Although the system shown in FIG. 4 has two read/write heads, systems embodying the invention may alternatively include less than two or more than two read/write heads. Where more than two heads are included, it is contemplated that all will preferably be controlled by a common controller, and will share the same pulse detector, precompensation and pulse pairing correction circuitry, synchronizer, decoder and encoder circuitry.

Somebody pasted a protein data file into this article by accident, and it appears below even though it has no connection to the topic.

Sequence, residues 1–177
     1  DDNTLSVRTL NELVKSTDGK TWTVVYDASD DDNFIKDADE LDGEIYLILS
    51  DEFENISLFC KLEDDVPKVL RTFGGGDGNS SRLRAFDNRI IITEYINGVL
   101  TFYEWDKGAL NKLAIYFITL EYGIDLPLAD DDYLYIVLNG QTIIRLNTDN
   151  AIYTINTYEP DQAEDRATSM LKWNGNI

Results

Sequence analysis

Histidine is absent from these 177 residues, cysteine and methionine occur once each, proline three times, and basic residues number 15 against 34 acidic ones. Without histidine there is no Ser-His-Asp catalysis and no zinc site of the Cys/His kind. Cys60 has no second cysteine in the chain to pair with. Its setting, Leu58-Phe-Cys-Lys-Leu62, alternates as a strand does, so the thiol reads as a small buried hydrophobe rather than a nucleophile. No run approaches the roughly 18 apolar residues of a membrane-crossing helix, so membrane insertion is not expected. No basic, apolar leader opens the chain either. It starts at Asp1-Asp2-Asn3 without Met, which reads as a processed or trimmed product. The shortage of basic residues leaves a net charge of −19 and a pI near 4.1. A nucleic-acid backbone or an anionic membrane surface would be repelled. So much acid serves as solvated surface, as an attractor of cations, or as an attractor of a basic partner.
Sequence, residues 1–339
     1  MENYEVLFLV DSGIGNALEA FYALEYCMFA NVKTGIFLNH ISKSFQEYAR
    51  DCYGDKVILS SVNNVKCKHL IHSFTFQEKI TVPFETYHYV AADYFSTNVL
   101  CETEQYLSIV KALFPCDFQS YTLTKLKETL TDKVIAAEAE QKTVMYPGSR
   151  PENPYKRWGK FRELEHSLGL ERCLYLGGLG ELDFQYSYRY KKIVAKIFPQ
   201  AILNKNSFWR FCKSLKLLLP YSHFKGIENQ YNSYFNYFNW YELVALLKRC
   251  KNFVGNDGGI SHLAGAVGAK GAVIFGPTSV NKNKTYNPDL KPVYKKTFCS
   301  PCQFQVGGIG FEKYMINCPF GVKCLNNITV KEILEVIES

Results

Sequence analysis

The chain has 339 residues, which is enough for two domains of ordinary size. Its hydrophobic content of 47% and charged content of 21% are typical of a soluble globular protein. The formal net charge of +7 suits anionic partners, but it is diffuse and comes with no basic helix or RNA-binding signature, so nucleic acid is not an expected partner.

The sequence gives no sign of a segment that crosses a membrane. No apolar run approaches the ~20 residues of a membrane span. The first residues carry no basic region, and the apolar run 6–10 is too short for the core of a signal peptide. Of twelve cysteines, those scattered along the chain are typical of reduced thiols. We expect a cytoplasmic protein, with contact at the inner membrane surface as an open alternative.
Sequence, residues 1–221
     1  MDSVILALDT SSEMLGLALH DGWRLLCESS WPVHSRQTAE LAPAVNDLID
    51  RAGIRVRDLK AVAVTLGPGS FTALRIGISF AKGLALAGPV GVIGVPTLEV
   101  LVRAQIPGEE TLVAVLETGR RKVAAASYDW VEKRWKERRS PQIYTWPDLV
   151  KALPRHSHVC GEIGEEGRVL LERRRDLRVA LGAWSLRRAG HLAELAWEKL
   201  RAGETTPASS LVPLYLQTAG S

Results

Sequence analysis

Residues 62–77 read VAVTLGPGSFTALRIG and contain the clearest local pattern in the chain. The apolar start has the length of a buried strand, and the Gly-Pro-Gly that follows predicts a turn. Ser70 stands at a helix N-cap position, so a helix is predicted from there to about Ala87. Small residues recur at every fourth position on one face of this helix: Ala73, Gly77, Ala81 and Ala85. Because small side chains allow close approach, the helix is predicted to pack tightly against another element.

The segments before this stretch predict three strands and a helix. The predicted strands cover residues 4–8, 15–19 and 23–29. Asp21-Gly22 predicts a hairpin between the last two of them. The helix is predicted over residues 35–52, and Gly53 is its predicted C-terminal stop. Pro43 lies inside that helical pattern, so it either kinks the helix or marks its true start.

To perform the inventive method, a high system error rate is induced by appropriately varying a first one of the parameters WC, PP, and PC. The system error rate is then measured for each of a plurality of different values of a second one of the parameters WC, PP, and PC. This is done by generating appropriate control signals in controller 9 to cause the read/write head repeatedly to read the test pattern on the mass storage medium (which may be a magnetic disk as shown in FIG. 4), while the controller sends control signals at appropriate intervals to change the value of the "second" parameter, and while the error rate is computed in the controller (or in a computer interfaced therewith) during each interval in which the second parameter remains unchanged. The optimal value of this second parameter is identified as the value resulting in the lowest overall system error rate. Then, the process is repeated to determine the optimal value of the first parameter by appropriately varying the second (or third) parameter to induce a high overall system error rate, then measuring system error rate for each of a plurality of different values of the first parameter, and identifying the "optimal" value of the first parameter as the one resulting in the lowest overall system error rate. Finally, the process is repeated a third time to determine the optimal value of the third parameter by varying the first (or second) parameter to induce a high system error rate, and then measuring the overall system error rate for each of a plurality of values of the third parameter. Upon completion of this three stage process, the system controller sets each of the parameters PP, PC, and WC to its optimal value.